“Red Queen” by Victoria Aveyard

RedQueenBook review by Eryn Keenan

“Mare Barrow’s world is divided by blood — those with red and those with silver.”

In “Red Queen” by Victoria Aveyard, the author creates a hierarchical society where everyone is supposed to have a place.

There are Silvers and Reds. Silvers are the more elite group and they are endowed with godlike powers. The Reds are commoners and servants. Some lucky Reds become apprentices to the Silvers but others are sent to act as soldiers in a war that has raged on for centuries.

Mare Barrow is supposed to be a Red. She lives in an area known as the Stilts and has accepted her lower place in society. Mare finds herself working in the Silver’s Palace, employed by the ones she loathes the most. As the days pass, Mare begins to exhibit powers of her own. How can this be? She is a Red and only Silvers are supposed to have powers.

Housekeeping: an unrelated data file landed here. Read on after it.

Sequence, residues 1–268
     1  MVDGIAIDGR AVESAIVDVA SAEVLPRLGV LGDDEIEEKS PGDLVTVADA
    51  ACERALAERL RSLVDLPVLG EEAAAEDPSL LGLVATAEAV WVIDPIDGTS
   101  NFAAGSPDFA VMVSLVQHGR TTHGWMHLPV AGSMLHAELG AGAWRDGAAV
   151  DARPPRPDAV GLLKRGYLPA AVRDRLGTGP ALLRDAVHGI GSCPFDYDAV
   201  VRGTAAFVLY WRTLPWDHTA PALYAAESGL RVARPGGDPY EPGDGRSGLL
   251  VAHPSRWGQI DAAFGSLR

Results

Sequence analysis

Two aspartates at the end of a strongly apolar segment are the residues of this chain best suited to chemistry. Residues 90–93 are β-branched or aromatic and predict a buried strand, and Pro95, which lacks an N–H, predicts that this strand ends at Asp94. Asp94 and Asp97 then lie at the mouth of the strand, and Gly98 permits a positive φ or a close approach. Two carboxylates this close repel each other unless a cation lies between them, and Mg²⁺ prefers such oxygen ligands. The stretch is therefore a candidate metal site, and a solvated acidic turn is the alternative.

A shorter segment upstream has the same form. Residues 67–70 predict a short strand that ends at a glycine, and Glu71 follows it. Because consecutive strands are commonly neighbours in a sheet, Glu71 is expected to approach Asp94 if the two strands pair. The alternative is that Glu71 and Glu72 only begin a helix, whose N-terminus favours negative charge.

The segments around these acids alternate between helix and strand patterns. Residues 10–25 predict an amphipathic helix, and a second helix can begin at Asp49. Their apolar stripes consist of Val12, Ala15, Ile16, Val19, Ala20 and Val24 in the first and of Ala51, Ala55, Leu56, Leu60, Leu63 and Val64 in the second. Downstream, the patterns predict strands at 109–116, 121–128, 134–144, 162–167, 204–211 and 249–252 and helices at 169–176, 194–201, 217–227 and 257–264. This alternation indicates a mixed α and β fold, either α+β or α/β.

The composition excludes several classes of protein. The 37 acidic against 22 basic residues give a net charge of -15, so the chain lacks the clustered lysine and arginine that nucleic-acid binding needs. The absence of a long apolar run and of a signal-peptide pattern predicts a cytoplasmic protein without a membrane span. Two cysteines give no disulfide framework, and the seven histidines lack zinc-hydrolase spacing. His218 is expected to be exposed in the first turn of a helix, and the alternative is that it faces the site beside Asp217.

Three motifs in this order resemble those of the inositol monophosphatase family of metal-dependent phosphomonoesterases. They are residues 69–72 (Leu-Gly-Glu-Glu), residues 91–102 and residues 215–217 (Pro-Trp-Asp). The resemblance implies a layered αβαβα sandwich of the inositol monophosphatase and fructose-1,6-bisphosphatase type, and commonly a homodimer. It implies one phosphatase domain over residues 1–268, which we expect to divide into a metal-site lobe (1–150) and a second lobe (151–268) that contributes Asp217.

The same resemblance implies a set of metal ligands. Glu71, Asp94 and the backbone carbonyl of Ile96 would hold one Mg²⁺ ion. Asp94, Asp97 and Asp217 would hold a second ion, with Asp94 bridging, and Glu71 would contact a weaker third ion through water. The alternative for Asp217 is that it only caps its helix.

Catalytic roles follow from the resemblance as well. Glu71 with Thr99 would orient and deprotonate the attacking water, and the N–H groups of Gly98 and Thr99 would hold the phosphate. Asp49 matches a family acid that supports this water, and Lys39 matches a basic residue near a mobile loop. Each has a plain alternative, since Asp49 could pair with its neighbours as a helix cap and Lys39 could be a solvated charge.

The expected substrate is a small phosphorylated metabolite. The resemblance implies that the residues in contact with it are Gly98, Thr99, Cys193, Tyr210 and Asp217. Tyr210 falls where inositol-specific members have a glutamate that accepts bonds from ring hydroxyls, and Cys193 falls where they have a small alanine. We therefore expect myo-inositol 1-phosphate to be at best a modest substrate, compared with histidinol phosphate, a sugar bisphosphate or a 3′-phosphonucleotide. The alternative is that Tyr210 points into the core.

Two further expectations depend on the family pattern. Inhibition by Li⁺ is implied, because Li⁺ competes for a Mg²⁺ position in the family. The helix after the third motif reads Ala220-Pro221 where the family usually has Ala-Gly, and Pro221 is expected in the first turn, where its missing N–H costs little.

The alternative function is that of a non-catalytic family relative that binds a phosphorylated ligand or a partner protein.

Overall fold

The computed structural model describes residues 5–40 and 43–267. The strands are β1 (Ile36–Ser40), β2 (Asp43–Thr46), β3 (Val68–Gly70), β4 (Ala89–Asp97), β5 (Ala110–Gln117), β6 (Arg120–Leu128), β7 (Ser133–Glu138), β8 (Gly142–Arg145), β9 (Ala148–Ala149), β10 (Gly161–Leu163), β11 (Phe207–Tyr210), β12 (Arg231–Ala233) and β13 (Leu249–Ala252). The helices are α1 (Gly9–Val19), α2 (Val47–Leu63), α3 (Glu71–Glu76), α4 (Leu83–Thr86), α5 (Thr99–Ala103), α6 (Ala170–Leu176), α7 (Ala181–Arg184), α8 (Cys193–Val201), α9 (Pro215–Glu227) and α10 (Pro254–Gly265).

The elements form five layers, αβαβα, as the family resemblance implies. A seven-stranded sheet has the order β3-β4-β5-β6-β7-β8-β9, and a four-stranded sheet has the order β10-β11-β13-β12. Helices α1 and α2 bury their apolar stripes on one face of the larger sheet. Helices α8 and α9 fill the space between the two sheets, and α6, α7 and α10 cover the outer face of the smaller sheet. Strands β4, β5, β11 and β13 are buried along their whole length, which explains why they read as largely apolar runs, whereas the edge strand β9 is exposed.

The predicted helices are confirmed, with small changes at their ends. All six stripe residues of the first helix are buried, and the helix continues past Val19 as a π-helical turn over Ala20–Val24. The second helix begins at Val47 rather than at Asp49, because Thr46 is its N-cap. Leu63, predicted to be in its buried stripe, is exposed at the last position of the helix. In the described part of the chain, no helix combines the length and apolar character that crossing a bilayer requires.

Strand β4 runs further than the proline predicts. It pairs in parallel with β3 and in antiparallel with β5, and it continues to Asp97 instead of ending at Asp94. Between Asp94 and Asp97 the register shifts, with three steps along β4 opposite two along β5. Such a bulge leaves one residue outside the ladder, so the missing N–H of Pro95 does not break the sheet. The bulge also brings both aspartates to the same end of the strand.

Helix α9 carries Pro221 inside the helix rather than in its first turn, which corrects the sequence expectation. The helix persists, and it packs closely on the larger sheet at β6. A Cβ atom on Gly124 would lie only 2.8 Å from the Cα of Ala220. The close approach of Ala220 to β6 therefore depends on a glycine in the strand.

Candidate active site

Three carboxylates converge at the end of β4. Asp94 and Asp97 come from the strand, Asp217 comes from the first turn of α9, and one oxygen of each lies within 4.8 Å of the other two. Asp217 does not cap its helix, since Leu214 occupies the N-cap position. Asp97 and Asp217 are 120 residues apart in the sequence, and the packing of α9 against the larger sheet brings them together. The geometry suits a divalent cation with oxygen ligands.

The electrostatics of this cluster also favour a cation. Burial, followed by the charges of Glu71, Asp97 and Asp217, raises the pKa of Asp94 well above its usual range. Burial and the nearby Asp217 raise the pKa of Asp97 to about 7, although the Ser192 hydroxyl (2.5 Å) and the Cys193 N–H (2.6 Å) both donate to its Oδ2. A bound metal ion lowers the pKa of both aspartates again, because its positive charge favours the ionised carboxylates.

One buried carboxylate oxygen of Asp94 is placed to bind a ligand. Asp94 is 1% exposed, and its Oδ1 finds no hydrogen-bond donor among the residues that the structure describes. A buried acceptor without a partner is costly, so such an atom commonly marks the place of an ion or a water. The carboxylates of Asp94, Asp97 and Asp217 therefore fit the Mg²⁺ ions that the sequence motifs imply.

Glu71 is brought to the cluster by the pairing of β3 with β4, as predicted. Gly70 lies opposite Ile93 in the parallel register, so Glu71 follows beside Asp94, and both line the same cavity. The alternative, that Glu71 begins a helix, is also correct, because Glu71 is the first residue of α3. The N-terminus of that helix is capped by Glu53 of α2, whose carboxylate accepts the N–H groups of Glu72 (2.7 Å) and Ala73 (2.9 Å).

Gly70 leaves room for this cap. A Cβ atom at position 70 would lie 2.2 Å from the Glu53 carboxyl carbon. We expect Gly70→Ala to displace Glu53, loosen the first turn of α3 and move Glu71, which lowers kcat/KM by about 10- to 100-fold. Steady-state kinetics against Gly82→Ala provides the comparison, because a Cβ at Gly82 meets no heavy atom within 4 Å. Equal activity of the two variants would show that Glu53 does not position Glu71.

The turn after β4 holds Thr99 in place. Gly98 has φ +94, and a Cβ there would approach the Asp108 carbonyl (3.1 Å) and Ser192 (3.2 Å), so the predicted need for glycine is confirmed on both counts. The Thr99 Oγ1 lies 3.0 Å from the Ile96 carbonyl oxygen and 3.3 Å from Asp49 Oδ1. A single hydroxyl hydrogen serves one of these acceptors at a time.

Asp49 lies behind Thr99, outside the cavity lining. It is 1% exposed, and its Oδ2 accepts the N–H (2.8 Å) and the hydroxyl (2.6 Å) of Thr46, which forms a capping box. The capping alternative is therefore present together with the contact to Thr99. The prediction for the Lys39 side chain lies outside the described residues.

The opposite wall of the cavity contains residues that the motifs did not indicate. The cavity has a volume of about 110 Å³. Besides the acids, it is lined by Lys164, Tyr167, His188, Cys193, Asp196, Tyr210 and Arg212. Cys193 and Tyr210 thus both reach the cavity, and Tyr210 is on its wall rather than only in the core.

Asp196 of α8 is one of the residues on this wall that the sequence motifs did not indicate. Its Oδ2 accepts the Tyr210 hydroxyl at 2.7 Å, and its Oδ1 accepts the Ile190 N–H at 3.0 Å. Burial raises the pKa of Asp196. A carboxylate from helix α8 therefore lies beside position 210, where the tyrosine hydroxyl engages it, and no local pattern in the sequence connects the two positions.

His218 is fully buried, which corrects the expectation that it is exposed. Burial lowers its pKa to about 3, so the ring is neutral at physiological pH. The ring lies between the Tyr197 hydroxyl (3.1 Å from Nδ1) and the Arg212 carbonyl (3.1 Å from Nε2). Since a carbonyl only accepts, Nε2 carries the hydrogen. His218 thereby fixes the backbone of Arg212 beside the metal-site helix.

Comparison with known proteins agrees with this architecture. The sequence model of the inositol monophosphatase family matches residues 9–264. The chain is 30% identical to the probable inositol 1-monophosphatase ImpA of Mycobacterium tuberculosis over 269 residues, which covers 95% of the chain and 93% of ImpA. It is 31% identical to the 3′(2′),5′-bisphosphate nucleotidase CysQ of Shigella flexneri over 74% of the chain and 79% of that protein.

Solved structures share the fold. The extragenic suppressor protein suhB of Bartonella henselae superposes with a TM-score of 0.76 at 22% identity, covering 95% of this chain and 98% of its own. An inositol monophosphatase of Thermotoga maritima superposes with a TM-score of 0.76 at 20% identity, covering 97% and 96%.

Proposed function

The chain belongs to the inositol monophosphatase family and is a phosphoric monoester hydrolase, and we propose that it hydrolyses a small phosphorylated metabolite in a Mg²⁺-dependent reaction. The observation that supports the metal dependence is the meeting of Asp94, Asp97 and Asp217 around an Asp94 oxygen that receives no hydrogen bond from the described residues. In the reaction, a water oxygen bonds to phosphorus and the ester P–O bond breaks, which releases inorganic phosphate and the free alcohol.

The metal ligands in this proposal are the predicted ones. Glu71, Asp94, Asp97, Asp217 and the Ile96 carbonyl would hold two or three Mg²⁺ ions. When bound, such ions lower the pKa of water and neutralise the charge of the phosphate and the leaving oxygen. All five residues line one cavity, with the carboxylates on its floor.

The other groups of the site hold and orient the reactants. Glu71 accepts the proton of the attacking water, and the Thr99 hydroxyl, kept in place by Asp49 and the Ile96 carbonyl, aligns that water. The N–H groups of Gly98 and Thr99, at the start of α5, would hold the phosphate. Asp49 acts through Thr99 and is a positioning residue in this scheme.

Knowing she is a Red, the royals are now in a frenzy. Mare is removed from her servant duties and the Royals fabricate a new identity to make Mare appear as if she has always been a Silver. Mare is even betrothed to one of the Silver Princes.

As the novel progresses, Mare becomes ensnarled in an opposing battle between Reds and Silvers. There are many unforeseen events leading Mare to make life and death choices not only for herself but for all the other Reds. Can she trust the Silvers, love two brothers and escape with her life? Read ­“Red Queen” to find out.

This book is suitable for ages 13-17 years old and weighs in at 388 pages. This romance novel was packed full of betrayal, lies, and danger. The story was intriguing, however, if readers aren’t mindful of minor details the plot can be disorientating. Overall, fans of complex plots and diverse cultures will adore “Red Queen.” Books similar to “Red Queen” are “Trial by Fire” by Josephine Angelini and “The Jewel” by Amy Ewing.

ErynKeenanEryn is an eighth grader at Edythe J. Hayes Middle School.